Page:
Immigration Law

Certified Human Trafficking Victim in ICE Deportation Crosshairs

Brenda Medina, Miami Herald, Oct. 26, 2017 - "For almost two years, she worked for a family that paid her to what amounted to about $3 an hour for days that stretched to 13 hours. At night, she slept on the floor of the family’s apartment in a posh Miami neighborhood.

Her employers also denied her access to health care, monitored her communications and warned her that if she complained about her working conditions she would be deported to her native Colombia and lose the temporary U.S. visa obtained for her by the family.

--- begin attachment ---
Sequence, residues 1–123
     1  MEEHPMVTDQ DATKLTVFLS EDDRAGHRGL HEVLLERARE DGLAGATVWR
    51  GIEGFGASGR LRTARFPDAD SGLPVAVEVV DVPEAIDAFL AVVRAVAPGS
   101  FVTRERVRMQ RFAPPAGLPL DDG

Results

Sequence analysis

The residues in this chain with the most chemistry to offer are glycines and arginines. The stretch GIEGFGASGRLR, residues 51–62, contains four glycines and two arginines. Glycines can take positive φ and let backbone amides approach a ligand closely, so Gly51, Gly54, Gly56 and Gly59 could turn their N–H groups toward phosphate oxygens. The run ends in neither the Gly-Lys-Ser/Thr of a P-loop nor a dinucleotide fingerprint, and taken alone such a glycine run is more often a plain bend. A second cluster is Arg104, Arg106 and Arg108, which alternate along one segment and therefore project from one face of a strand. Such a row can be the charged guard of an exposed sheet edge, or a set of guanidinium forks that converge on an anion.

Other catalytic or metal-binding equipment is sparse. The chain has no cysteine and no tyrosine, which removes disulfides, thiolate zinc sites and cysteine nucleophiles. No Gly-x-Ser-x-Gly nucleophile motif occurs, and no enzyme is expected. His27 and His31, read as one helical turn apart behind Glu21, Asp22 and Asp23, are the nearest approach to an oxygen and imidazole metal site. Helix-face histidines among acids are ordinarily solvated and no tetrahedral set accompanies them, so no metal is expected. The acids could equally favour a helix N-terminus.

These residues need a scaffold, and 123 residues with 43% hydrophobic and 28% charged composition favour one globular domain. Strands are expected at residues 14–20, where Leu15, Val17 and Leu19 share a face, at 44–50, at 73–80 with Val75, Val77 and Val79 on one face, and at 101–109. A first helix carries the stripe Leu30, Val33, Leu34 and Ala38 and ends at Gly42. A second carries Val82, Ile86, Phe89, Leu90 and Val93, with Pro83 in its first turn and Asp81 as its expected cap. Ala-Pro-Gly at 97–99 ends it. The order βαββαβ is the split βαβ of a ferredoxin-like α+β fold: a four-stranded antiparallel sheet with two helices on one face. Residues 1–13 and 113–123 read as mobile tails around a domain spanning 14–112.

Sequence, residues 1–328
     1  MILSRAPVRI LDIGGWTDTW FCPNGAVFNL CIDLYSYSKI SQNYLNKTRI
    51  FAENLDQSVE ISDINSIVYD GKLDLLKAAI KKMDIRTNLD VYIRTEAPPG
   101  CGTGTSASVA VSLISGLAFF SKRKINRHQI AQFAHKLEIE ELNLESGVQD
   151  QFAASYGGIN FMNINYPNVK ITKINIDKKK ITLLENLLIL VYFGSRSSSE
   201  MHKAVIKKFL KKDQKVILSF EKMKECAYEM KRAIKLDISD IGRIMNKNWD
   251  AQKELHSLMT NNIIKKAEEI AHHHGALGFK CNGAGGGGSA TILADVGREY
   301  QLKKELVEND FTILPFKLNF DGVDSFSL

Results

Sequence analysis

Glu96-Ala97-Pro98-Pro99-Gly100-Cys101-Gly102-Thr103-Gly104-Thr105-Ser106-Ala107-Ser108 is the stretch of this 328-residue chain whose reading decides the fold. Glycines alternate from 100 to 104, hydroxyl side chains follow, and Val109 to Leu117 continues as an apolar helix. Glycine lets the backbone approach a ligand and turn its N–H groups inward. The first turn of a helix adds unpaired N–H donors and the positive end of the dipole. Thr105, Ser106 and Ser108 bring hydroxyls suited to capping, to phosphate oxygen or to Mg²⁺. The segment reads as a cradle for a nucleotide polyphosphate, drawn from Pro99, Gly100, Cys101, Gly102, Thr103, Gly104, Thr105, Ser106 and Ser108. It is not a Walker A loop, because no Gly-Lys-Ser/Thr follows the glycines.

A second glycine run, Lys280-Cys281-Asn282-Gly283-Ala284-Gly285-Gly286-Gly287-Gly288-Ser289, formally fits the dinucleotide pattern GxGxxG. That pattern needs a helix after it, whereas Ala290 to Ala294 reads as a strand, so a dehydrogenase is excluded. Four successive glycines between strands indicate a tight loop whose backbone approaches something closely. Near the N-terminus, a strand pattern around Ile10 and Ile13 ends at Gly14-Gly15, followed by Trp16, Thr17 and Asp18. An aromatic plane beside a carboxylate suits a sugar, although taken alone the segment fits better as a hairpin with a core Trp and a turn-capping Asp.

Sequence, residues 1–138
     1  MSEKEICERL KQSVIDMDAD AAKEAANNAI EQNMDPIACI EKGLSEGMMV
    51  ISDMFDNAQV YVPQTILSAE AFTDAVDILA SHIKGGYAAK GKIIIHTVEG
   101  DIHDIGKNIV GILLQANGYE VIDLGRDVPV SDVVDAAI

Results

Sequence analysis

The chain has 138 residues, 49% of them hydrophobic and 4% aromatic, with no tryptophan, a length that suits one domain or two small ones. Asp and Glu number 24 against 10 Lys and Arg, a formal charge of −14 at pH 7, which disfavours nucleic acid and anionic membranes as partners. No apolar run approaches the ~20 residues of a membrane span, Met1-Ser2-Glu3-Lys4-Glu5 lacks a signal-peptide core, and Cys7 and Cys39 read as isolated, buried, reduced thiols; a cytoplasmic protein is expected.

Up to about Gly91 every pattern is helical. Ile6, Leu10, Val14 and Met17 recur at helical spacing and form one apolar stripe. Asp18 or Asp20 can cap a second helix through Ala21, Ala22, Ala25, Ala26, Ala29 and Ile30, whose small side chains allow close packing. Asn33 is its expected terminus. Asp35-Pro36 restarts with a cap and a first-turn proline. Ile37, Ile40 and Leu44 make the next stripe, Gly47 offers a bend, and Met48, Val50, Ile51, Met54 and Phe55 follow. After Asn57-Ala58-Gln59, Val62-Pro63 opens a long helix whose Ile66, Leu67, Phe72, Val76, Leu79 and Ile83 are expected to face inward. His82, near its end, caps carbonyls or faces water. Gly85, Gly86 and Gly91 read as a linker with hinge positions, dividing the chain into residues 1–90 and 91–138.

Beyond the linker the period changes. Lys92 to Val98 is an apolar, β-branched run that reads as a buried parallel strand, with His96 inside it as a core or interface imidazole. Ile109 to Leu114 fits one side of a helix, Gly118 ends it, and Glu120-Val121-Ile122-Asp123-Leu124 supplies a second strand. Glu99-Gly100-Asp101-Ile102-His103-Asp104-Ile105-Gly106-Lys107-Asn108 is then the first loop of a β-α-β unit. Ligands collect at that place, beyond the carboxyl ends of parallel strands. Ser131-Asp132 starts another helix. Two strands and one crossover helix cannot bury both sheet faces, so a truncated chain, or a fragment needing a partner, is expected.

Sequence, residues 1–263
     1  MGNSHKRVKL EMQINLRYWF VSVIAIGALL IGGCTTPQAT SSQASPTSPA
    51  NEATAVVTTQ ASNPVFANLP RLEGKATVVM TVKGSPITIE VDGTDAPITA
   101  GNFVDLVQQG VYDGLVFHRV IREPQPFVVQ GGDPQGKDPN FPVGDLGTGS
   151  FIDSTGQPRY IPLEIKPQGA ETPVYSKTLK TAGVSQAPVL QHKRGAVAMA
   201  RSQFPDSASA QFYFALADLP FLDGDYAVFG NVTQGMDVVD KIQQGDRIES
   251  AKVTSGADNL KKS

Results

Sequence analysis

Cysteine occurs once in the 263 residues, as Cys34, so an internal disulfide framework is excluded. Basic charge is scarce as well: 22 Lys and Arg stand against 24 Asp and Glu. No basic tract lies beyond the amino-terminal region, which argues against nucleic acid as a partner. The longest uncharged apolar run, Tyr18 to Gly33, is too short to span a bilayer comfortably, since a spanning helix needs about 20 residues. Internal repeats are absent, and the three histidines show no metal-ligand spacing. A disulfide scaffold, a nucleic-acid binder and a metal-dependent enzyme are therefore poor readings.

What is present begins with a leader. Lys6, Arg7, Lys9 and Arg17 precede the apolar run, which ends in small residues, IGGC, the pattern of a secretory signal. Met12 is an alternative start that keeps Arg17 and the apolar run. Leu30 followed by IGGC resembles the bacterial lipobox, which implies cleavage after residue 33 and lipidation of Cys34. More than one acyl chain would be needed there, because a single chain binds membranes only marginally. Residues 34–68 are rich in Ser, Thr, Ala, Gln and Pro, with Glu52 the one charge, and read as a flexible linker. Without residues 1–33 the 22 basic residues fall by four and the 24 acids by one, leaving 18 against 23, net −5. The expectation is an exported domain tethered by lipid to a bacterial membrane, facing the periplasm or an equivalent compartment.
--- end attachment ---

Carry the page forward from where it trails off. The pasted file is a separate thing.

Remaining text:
When she finally overcame her fears in October of last year, Ana — not her real name — gathered up her identification documents and two changes of clothes and left. She filed a complaint against her employer and cooperated with federal officials in an investigation that eventually determined that she was a victim of exploitation.

But a few months after she fled, she was arrested by Customs and Immigration agents."